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Sustaining implementation facilitation: a model for facilitator resilience.
Olmos-Ochoa TT, Ganz DA, Barnard JM, Penney L, Finley EP, Hamilton AB, Chawla N. Sustaining implementation facilitation: a model for facilitator resilience. Implementation science communications. 2021 Jun 21; 2(1):65.
Implementation facilitators enable healthcare staff to effectively implement change, yet little is known about their affective (e.g., emotional, mental, physical) experiences of facilitation. We propose an expansion to the Integrated Promoting Action on Research in Health Services (i-PARIHS) framework that introduces facilitation intensity and facilitator resilience to better assess facilitators' affective experiences.
We used an instrumental case study and facilitator data (logged reflections and debrief session notes) from the Coordination Toolkit and Coaching initiative to conceptualize facilitation intensity and facilitator resilience and to better understand the psychological impact of the facilitation process on facilitator effectiveness and implementation success.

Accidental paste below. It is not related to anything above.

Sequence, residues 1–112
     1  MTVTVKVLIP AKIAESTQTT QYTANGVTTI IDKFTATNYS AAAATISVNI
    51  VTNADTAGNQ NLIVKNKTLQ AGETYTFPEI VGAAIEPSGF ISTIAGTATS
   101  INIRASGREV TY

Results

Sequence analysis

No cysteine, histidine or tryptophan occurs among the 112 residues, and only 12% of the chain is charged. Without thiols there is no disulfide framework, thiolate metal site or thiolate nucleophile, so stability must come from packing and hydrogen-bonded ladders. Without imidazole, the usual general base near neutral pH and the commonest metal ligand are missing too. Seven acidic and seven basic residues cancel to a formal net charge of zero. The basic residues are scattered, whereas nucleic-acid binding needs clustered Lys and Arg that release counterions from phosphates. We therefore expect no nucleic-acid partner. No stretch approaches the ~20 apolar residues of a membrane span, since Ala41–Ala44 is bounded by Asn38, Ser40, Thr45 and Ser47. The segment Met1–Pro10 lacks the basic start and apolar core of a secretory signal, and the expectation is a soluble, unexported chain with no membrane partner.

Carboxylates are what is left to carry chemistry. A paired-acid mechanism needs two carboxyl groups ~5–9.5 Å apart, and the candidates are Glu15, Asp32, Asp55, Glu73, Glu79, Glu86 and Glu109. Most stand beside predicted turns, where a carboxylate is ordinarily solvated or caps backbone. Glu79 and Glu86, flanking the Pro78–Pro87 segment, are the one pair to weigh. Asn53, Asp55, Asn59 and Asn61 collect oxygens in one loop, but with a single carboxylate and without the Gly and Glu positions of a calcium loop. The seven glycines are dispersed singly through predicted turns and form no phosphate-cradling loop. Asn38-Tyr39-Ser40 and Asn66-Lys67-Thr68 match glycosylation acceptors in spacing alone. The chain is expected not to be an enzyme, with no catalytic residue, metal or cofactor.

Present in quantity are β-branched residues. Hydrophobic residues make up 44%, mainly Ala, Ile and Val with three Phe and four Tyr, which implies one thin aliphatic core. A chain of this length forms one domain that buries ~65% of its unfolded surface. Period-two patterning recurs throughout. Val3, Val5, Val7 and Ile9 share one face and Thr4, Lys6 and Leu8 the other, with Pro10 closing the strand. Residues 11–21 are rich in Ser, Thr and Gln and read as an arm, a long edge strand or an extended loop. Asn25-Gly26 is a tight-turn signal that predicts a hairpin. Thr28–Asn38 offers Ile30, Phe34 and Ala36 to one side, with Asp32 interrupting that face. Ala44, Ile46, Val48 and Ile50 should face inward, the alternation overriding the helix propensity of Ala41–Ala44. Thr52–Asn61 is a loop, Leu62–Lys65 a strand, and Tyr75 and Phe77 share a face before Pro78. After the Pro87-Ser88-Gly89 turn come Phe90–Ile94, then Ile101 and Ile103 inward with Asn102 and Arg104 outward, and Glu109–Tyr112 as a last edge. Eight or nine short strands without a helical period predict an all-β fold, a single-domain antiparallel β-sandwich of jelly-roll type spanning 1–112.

We define facilitation intensity as both the quantitative and/or qualitative measure of the volume of tasks and activities needed to engage and motivate recipients in implementation, and the psychological impact on the facilitator of conducting facilitation tasks and activities. We define facilitator resilience as the ability to cope with and adapt to the complexities of facilitation in order to effectively engage and motivate staff, while nurturing and sustaining hope, self-efficacy, and adaptive coping behaviors in oneself.
Facilitators' affective experience may help to identify potential relationships between the facilitation factors we propose (facilitation intensity and facilitator resilience). Future studies should test ways of reliably measuring facilitation intensity and facilitator resilience and specify their relationships in greater detail. By supporting facilitator resilience, healthcare delivery systems may help sustain the skilled facilitator workforce necessary for continued practice improvement.
The project was registered with ClinicalTrials.gov ( NCT03063294 ) on February 24, 2017.